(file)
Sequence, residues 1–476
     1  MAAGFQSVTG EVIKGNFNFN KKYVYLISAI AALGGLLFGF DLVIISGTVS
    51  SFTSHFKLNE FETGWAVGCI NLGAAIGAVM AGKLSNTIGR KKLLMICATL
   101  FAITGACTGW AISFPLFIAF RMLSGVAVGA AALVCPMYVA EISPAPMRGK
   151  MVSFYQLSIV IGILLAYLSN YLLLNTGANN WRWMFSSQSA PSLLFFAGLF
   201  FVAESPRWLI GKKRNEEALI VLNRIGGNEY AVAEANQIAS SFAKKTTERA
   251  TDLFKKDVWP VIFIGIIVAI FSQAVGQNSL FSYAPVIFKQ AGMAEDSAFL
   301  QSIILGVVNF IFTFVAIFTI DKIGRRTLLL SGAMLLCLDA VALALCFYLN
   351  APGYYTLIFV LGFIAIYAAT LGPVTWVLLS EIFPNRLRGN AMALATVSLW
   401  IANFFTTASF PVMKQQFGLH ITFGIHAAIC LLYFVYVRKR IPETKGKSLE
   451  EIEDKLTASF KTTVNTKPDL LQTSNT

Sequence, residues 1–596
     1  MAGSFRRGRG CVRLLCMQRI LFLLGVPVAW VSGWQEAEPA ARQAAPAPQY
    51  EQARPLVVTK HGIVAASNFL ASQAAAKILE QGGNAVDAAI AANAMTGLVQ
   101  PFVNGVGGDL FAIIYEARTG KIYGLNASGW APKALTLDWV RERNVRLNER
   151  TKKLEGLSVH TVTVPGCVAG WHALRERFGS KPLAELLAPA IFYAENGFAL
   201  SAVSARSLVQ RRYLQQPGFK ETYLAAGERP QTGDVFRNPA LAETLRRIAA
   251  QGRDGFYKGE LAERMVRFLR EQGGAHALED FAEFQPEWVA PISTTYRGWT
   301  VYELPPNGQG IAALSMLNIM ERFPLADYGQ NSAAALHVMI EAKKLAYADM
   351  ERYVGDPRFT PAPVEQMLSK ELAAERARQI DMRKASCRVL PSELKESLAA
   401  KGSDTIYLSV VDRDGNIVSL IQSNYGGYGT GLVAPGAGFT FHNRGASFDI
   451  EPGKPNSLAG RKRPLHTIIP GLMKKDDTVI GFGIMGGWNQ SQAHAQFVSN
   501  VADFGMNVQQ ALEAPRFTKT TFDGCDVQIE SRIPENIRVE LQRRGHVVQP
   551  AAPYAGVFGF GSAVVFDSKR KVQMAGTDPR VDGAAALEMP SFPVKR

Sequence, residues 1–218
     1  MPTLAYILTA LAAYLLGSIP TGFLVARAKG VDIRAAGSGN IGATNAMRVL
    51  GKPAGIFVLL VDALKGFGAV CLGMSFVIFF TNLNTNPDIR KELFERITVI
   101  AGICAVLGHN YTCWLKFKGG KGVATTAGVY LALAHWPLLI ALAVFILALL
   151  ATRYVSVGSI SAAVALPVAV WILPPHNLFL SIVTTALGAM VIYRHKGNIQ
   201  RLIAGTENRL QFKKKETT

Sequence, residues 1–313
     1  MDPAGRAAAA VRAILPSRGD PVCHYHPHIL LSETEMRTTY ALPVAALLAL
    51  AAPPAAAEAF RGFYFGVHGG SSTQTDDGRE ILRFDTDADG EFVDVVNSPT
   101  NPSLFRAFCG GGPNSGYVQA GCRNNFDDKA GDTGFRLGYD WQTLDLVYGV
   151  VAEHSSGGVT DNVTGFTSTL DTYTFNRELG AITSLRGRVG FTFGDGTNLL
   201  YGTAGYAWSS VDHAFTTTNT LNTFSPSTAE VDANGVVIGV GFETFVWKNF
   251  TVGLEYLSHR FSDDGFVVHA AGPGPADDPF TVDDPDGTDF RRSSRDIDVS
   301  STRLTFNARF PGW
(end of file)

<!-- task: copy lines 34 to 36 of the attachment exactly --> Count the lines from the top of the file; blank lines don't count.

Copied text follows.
   101  NPSLFRAFCG GGPNSGYVQA GCRNNFDDKA GDTGFRLGYD WQTLDLVYGV
   151  VAEHSSGGVT DNVTGFTSTL DTYTFNRELG AITSLRGRVG FTFGDGTNLL
   201  YGTAGYAWSS VDHAFTTTNT LNTFSPSTAE VDANGVVIGV GFETFVWKNF